While the evidence that early increased crying and colic is part of normal infant development is reasonably compelling, it remains a challenge to understand why it is normal behaviour, given its ability to frustrate caregivers. This has resulted in interesting work on the positive (or “survival”) value of early increased crying in terms of the evolutionary history of humans, and possibly other species. This includes evidence for its role in ensuring sufficient nutrition, closeness to primary caregivers as protection against predators, and the early formation of attachment relationships.22,45,46 As with most evolutionarily influenced behaviours, whether a particular behaviour functions to provide positive or negative outcomes for an individual depends on the context in which it is expressed. Increasing isolation due to short maternity leaves, nuclear rather than extended families, and separated living arrangements increases the stress on mothers.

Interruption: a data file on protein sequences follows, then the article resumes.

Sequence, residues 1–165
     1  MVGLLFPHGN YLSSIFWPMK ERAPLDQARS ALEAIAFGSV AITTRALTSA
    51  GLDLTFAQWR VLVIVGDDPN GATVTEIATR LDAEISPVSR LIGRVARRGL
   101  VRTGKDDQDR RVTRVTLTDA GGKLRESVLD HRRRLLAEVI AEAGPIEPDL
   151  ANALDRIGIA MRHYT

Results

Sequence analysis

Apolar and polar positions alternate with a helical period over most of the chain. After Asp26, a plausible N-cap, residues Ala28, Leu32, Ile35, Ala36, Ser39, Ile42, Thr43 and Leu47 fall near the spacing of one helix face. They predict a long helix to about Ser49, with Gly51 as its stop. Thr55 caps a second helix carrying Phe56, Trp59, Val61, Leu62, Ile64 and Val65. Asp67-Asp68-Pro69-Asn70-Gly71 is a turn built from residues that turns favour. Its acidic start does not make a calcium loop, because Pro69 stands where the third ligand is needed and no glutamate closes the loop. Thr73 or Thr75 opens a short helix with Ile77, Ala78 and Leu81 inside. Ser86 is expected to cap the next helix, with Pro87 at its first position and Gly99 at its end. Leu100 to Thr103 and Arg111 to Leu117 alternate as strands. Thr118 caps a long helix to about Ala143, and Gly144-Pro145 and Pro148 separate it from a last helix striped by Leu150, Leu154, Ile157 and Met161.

In the last 30 years, the accumulation of new interdisciplinary evidence about the properties, time course, and outcome of early crying, including the clinical manifestations of “colic,” has changed our understanding of this increased crying from a behaviour that was considered abnormal or indicative of disease or dysfunction in the infant, its parents, or both to a behaviour that is part and parcel of normal human infant development. This also implies that the socio-emotional consequences of this crying are largely a function of how caregivers interpret and respond to the crying. These responses may have longer- term effects both in terms of how they treat the infant, on the one hand, and whether they consider that they are poor parents if they cannot soothe their infant or handle the crying, on the other.5,6,40,47-54 However, in the absence of other compromises in the infant or its environment, the outcome for infants with early increased crying or colic is good.